So for me, this is all really about the G first,then the D, and little to do with the A and E.

February 5, 2016 at 05:21 PM · I noticed when I plucked the G after length that I get the right pitch, which I believe is the first D on the E string (3rd position fourth finger). I didn't expect this, so I guess I should be pleased about that. But the pitches for the A and D strings are way off. I'm not sure why they should be so different because the ratio ought to be about the same, but they are. Maybe that has to do with the silk.

February 5, 2016 at 05:58 PM · Paul, I'm fairly certain the silk winding is the culprit. Try the experiment with a set of plain gut strings, first removing the after-length winding from the G. Alternatively, cut the wound end from the G and tie a knot to secure the remainder in the tailpiece (the G should be long enough for this). I do this with a double-length Savarez copper wire wound gut G which has to be cut anyway, and it seems to improve the tone of the string. Smoke 'n' mirrors/emperor's new clothes effect? - perhaps.

However, a common method of removing a G-string wolf (usually F/F#) on a cello is to screw a brass weight on the after-length at about the same position on the after-length as the wolf is on the nut-bridge part of the string. This fixes the wolf but slightly damps the sound of the string as a consequence. This leads me to believe that the weight of the after-length winding will have some effect on the tone and the pitch frequency of the after-length.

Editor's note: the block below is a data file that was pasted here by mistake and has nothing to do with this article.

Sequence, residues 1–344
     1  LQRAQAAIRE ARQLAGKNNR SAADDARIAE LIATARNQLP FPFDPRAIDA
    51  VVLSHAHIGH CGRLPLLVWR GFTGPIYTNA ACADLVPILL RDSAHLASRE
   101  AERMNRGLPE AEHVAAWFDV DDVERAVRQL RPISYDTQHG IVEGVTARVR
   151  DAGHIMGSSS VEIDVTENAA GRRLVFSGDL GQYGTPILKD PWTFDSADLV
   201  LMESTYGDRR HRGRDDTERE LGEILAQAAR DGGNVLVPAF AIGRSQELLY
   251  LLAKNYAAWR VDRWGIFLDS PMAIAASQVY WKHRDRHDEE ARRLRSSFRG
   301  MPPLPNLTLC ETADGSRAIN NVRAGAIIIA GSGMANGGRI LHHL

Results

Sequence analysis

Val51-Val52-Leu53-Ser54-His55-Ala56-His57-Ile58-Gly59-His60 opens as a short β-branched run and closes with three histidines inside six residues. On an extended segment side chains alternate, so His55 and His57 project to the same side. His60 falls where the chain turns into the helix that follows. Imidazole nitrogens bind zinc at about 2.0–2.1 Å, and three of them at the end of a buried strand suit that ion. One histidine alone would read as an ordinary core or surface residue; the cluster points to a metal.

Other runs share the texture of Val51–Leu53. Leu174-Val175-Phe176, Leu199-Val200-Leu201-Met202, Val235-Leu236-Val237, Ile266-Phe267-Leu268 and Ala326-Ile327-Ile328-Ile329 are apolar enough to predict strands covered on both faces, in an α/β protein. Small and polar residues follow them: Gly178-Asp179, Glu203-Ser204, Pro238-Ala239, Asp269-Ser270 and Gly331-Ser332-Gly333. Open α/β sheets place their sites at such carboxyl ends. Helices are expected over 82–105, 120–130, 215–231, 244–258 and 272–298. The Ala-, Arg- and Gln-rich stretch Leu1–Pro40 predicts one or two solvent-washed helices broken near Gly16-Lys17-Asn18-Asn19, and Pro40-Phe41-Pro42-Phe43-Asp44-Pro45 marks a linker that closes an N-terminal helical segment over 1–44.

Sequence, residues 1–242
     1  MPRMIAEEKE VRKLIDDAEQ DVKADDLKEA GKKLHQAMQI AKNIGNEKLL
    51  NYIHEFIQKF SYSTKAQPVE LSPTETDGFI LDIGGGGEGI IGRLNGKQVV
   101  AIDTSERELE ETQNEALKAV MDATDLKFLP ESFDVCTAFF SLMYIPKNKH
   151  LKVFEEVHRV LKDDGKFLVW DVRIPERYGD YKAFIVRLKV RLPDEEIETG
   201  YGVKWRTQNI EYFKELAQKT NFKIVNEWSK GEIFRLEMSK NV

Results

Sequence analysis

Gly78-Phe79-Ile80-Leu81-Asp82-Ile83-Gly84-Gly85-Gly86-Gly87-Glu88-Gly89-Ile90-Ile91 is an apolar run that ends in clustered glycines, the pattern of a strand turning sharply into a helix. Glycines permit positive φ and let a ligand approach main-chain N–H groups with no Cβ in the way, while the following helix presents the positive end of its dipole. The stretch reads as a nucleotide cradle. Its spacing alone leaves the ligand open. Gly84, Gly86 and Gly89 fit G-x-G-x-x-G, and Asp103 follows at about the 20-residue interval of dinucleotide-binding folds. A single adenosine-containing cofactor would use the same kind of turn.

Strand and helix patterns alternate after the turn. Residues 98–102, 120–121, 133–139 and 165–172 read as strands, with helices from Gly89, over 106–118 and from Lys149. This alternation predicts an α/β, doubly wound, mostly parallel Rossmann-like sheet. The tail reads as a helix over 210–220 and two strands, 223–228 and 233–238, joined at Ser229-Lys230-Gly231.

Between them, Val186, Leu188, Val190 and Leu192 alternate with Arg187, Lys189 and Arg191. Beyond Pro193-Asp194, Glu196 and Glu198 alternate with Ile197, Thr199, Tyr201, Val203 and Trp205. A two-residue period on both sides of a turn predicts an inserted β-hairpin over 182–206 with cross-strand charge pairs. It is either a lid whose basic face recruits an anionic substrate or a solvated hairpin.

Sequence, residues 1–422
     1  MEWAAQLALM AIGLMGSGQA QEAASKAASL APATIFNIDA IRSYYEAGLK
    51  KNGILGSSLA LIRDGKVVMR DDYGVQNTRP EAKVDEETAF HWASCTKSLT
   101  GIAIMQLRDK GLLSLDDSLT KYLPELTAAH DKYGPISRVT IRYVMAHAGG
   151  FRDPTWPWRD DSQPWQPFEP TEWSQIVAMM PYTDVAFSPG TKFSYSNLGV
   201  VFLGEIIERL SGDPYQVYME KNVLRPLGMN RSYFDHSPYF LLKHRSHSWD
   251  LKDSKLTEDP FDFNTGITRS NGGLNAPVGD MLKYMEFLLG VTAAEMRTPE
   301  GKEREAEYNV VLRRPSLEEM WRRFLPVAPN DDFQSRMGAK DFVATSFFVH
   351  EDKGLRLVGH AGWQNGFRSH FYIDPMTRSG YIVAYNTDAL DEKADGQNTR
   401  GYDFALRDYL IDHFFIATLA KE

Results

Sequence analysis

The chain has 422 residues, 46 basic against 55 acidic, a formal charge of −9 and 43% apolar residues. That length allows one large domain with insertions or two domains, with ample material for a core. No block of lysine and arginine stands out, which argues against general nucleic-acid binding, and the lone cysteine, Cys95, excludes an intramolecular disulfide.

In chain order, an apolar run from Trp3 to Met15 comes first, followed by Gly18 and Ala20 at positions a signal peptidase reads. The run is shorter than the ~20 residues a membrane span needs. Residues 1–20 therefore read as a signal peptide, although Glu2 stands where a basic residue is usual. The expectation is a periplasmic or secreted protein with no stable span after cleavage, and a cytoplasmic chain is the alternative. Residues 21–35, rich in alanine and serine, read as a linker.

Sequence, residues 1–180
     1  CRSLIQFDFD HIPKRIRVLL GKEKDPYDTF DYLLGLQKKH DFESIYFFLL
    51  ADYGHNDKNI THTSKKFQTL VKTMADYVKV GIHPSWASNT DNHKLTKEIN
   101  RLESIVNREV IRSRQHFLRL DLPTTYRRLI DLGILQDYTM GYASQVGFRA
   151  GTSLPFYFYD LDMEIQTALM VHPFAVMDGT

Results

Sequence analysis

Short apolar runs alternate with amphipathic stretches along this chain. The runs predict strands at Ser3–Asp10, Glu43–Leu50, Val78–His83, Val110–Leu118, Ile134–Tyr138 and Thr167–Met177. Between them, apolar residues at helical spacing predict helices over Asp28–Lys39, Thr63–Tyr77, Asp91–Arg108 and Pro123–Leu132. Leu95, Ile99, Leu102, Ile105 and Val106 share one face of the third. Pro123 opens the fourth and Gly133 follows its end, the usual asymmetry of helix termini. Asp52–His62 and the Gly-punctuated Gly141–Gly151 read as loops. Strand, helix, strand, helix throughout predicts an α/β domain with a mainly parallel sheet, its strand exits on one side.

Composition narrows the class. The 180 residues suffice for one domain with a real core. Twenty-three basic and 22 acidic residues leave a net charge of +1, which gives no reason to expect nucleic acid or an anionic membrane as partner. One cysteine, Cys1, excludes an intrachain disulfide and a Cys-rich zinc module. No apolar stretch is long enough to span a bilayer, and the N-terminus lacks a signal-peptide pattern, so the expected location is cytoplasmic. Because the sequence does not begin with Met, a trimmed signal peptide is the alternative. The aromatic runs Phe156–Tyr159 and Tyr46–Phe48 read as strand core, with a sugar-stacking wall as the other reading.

February 5, 2016 at 06:52 PM · Something to be aware of is that whatever the afterlength is tuned to is a frequency that will be absorbed rather than reinforced.

So if you tune your afterlengths to two octaves and a fifth, you will be reducing the presence of D (1175 Hz) A (1760 Hz) E (2640 Hz)and B(3960 Hz)in the overall sound of the instrument.

February 5, 2016 at 07:08 PM · I appreciate the suggestion but I'm not going to gut strings any time soon. I can live with my afterlengths the way they are.

February 5, 2016 at 07:19 PM · just to muddy the waters,

this discussion thread seems relevant here:

about curved / angled tailpieces, with other design details, which have significant impact on relative string afterlengths and tuning, distribution of forces and relative mobility of vibrating bridge around different strings, &c.


February 6, 2016 at 02:15 PM · Thank you all for your input. I see you have put a lot into this issue.

Has anybody tried the experiment I outlined above? Without any experts actually doing a quick instantaneous A/B comparison test, I am inclined to agree with Trevor's "emperor's new clothes" metaphor. (Maybe it is more like fine wine. In double-blind tests experts seem to prefer cheap wine. BUT, people really do enjoy expensive wine. Likewise, if I spend hours tuning my afterlengths, my violin will sound better to me; I will enjoy it more, I will play it more artfully, and it will sound better to others, too. Everybody wins!)